1. How were the tone and content of the “Declaration of the Causes of the Necessity of   Taking Up Arms” of the Second Continental Congress different from the Declaration   and Resolves of the First Continental Congress? 

  2. Why, with American colonies already engaged in battle with Britain, didn’t the Second Continental Congress declare independence in 1775? 

  3. Why was Thomas Paine’s pamphlet so effective in rallying Americans towards the cause of independence from Britain? What were his arguments for separation from the   mother country?

Day Five
Asserting the Inalienable Rights of Man: The Declaration of Independence 

Divine, page 152 (on Declaration) 
Supplement: Declaration of Independence 
Supplement: Jefferson, Paragraph Omitted from Final Draft of Declaration...  

Is the Declaration of Independence a radical document?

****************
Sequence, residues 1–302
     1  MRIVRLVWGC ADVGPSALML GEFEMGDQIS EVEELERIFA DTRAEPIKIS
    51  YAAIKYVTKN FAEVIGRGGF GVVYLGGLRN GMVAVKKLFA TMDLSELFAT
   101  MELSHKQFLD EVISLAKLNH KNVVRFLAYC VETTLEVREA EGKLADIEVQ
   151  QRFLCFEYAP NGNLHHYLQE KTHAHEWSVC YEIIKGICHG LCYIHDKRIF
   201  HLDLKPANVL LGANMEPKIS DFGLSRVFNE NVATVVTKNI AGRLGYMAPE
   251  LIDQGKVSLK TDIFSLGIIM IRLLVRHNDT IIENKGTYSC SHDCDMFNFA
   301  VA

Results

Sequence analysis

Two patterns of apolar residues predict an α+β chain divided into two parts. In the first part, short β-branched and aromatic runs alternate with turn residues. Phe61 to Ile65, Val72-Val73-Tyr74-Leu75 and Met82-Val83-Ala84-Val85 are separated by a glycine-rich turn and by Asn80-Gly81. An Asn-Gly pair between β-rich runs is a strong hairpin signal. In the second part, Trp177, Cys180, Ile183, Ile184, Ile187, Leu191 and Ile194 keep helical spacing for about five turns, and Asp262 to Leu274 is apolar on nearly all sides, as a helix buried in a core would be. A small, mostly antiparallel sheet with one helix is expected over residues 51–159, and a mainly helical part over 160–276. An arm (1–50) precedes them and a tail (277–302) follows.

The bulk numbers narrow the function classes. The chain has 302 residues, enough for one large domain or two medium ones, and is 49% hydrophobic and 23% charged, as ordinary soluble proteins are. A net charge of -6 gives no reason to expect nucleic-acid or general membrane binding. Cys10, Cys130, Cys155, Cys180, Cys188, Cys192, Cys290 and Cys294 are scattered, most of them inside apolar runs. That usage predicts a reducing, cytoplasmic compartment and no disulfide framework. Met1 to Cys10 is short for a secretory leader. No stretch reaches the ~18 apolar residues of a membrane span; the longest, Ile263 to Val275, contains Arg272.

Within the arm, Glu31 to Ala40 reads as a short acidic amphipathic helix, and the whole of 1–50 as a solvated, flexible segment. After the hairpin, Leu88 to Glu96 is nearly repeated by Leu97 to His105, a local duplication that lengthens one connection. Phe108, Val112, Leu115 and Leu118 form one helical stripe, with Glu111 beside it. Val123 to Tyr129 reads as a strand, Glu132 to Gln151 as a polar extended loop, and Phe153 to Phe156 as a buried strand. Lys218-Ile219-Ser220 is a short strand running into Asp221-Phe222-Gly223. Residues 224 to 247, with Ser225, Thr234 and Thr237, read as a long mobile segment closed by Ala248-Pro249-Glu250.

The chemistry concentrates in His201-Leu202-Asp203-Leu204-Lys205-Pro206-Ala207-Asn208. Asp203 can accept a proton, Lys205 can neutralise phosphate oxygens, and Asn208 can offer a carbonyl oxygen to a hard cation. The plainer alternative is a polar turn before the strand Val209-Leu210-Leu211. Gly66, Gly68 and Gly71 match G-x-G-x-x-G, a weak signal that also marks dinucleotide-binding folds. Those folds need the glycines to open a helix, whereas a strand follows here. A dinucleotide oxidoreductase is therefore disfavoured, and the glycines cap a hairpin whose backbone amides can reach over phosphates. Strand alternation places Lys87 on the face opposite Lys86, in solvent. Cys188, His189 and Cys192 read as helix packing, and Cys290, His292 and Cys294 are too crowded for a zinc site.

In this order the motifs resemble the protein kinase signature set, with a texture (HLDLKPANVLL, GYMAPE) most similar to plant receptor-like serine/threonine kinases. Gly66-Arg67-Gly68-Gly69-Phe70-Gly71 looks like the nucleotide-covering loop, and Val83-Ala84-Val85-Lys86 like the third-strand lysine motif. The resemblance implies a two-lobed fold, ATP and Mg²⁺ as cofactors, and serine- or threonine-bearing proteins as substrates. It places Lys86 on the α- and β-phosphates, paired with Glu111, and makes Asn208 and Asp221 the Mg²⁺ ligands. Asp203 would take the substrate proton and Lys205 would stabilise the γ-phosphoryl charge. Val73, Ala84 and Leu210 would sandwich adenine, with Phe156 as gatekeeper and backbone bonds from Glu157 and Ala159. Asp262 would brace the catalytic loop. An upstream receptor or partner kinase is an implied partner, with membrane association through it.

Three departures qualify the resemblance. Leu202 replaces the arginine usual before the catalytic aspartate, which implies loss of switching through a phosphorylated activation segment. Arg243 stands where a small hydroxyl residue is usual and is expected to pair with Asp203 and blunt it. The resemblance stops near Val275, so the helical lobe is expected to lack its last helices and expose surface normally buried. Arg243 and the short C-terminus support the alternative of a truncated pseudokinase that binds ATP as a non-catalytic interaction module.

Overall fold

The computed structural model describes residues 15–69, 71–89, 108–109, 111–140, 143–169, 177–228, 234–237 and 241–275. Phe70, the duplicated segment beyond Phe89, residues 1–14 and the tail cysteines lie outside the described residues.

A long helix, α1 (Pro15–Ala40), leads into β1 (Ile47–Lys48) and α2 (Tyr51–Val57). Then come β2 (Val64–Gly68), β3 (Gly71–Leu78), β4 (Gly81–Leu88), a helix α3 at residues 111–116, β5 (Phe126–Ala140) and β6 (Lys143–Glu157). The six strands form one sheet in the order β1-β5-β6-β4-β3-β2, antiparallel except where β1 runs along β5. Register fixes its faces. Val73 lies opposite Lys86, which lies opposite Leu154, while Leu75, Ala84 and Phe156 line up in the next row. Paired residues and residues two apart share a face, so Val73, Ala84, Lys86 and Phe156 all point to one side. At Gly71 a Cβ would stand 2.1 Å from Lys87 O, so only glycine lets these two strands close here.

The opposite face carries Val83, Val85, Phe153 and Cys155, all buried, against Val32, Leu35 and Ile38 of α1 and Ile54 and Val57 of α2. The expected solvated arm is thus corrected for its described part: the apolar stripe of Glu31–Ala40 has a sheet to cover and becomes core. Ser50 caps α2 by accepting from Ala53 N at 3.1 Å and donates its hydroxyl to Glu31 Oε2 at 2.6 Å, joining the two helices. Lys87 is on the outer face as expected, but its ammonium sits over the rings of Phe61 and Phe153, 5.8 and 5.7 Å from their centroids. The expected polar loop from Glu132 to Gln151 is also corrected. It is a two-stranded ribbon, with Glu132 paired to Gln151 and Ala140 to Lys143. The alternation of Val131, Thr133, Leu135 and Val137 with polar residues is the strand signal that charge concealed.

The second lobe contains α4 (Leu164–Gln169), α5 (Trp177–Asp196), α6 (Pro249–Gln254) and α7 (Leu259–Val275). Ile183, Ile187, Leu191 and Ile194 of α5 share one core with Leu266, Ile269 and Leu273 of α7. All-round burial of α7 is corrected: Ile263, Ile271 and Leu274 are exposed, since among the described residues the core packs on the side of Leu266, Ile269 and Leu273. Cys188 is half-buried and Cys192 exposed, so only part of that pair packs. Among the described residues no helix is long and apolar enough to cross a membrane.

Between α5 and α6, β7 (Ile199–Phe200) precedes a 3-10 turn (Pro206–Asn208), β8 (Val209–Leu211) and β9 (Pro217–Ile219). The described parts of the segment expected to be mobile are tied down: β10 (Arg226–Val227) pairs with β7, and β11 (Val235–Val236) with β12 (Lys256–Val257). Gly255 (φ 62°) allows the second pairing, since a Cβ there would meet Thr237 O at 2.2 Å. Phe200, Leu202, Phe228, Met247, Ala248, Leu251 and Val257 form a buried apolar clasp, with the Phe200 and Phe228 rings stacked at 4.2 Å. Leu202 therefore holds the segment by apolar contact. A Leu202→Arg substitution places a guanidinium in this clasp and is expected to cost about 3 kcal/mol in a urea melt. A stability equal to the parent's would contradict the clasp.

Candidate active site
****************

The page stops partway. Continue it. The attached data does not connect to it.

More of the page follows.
Declaration of Independence, Thomas Jefferson, inalienable rights 

  Homework Questions: 
  1. In what ways does the Declaration of Independence reflect the foundations of British   political tradition? In what sense does it depart from that tradition? 

  2. Why was Jefferson’s paragraph on the slave trade omitted from the final draft of   the Constitution? 

Day Six
The War for Independence: A Revolution for Whom? 
Divine, pages 152-63 
Supplement: Martin, "Protest and Defiance in the Ranks" 
Abigail Adams, "Remember the Ladies" 
Prepare for Debate 

Did the War for Independence constitute a revolution?  In what sense?  For whom? 

  George Washington, Continental Army, Loyalist (Tory), Patriot, Battle of Staten Island, Battle of Saratoga, General William Howe, Treaty of Alliance (with France),   Battle of Yorktown, General Cornwallis, Treaty of Paris (of 1783) 

  Homework Questions: 
  1. What factors allowed the British to enter the war confident that they could beat the   Americans?  What advantages did the British have? 

2. What conditions and circumstances helped the Americans to neutralize many of Britain’s advantages?  What similarities do you see between the Vietnam War and the Revolutionary War? 

  3. What role did the Continental Army and local militias play in the American war   effort? 

  4. What role did African-Americans play in the war?  What led some of them fight for   the Americans?  Why did some to fight for the British?